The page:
Public health experts are now recommending that pregnant women get the vaccine for whooping cough during pregnancy. The recommendation is in response to the growing outbreak of the infection in the U.S. So far, there are more than 32,000 reported cases of whooping cough across the country. If the trend holds, it’s on track to be the highest number of cases since 1959.

tschoppi / Flickr

Saint Luke’s and Saint Alphonsus hospitals are among the Idaho facilities that received drugs from a pharmacy in Massachusetts.  Officials today released the names of nine health providers in Idaho that got injectable drugs from the New England Compounding Center.   

It’s part of a nationwide investigation into a fungal meningitis outbreak that has killed 15 people and sickened 233, including one man in Idaho.   

The first drug recall was for a steroid injection used for back pain.  It was believed that drug may have been contaminated with a fungus. 

Emilie Ritter Saunders / Boise State Public Radio

A nationwide investigation into contaminated drugs is expanding. The outbreak has already killed 15 and sickened 231, including one man in Idaho, with fungal meningitis.

Two health facilities in Idaho, Walter Knox Memorial Hospital in Emmett and Pain Specialists of Idaho in Idaho Falls, were identified originally in the outbreak.

Now the Food and Drug Administration has expanded its investigation of possibly contaminated drugs produced by a Massachusetts pharmacy. That means as many as nine more medical facilities in Idaho may have received suspect drugs.

prashant_zi / Flickr

An Eastern Idaho man has come down with fungal meningitis that has sickened 138 people across the country. 

Not much is known about the man.  He’s over sixty and he's being treated for his illness.  State Epidemiologist Doctor Christine Hahn says the man is the first in Idaho to get sick from the drug outbreak.  People in 11 states have become ill and 12 have died.  The injectable steroid comes from a company in Massachusetts which has recalled the drug.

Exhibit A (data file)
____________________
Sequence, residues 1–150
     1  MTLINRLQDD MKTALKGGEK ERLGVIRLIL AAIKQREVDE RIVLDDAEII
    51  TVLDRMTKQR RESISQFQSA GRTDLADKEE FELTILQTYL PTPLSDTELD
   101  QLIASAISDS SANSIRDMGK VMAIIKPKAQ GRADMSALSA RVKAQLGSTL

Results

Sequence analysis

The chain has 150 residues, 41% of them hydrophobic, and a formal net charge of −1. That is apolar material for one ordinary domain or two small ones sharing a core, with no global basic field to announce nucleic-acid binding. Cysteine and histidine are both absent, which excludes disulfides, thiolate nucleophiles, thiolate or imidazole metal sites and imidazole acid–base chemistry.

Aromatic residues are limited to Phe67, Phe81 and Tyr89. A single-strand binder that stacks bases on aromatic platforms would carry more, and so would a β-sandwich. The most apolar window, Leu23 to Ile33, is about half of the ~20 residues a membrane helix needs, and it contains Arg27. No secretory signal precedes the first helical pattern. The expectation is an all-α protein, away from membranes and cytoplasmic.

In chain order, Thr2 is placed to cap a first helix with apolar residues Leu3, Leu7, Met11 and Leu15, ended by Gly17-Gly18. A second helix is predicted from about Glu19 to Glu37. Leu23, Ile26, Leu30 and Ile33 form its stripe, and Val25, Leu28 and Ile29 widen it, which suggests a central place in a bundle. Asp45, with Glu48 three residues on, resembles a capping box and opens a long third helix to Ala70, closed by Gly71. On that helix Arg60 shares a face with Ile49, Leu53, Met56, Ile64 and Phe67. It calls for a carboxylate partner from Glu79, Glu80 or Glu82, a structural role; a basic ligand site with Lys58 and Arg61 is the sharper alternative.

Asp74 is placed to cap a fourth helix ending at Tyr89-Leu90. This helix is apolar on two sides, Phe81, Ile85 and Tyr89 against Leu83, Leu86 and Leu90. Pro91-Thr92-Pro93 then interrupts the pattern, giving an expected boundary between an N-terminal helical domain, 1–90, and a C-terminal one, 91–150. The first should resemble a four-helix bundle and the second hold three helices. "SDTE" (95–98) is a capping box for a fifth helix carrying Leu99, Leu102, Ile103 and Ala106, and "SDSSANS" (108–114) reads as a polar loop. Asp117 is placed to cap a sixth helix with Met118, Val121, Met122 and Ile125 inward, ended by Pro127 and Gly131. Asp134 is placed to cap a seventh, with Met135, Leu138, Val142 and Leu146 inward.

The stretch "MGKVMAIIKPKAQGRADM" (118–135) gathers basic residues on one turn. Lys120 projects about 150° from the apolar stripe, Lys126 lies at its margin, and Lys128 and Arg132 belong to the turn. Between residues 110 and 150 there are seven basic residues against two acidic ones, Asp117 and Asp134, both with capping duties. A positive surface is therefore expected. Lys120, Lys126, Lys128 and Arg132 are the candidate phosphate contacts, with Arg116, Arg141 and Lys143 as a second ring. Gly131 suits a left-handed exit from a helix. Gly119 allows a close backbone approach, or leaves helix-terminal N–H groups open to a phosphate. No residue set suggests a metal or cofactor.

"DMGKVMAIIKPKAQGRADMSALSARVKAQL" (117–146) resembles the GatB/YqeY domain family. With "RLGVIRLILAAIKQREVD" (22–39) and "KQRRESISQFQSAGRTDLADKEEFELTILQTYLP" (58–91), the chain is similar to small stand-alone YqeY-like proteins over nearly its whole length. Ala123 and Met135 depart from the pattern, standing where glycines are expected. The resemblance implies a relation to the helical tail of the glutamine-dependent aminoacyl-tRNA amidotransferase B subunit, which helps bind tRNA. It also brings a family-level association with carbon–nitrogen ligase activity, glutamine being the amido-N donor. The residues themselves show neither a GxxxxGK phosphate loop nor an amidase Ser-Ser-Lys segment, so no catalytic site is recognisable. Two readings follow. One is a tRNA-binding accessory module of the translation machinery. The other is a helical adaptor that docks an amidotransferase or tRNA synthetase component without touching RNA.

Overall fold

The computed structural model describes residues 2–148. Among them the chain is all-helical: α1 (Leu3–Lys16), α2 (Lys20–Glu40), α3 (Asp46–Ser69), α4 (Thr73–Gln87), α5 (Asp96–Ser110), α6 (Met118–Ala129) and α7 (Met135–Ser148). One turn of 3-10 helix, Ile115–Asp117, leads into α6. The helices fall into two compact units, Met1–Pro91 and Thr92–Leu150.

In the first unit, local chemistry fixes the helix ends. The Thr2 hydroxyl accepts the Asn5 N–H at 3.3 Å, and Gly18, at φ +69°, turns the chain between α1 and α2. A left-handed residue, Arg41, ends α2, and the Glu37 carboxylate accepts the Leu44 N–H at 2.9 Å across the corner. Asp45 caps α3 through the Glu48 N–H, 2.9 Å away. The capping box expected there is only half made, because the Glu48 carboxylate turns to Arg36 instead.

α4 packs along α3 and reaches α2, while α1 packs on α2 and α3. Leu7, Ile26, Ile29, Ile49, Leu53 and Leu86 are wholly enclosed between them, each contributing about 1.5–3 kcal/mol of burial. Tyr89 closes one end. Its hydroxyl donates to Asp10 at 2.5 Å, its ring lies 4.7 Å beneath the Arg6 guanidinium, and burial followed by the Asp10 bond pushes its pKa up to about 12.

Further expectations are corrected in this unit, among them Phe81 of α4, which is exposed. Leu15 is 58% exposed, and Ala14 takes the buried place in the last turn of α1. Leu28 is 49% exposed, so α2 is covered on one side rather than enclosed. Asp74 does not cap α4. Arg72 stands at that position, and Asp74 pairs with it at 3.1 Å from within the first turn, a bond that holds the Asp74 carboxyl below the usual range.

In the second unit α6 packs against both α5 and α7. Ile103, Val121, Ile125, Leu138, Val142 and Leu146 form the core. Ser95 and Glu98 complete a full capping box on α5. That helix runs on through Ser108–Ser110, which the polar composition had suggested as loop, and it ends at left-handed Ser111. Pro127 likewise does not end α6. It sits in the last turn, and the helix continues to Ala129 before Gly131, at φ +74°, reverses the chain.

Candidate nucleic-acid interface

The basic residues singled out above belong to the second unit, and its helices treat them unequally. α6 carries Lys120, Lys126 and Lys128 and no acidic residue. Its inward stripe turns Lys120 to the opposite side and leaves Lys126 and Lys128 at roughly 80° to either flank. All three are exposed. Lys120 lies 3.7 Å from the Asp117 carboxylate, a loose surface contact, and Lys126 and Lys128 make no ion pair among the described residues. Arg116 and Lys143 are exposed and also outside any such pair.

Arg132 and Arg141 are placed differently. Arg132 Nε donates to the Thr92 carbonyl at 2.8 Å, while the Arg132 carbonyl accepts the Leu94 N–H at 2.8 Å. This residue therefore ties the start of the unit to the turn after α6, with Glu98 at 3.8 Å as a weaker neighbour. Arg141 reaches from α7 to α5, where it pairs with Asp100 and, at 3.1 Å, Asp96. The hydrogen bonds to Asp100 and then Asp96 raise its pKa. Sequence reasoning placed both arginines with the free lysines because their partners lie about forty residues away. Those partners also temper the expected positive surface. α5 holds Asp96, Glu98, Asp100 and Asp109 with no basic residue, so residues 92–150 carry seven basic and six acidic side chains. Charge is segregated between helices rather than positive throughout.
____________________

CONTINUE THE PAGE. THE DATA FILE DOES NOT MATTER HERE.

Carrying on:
National Institutes of Health

We’ve been reporting on “spice” for months, as the popularity of the synthetic marijuana has continued to rise.  Now public health officials in the Northwest are raising concerns that spice has been linked to a series of kidney failure cases in the region.

The synthetic marijuana is sold under several street names including "spice" and "K2." It's made of a variety of plant material that's sprayed with a chemical meant to mimic the active substance in marijuana. Synthetic marijuana is banned under state and federal law.

prashant_zi / Flickr

Two Idaho medical facilities received the steroid injections believed to be responsible for a deadly meningitis outbreak.  Nationally, 47 people have been diagnosed with the illness and five people have died.  No one in Idaho has reported getting sick. 

IMAGEngineforAutism / Flickr

Between 97,000 and 111,000 additional Idahoans would be eligible for Medicaid if the state chooses to expand eligibility.  But where would those people come from?  Close to half would migrate from four other state programs already in place to help low-income residents with medical needs.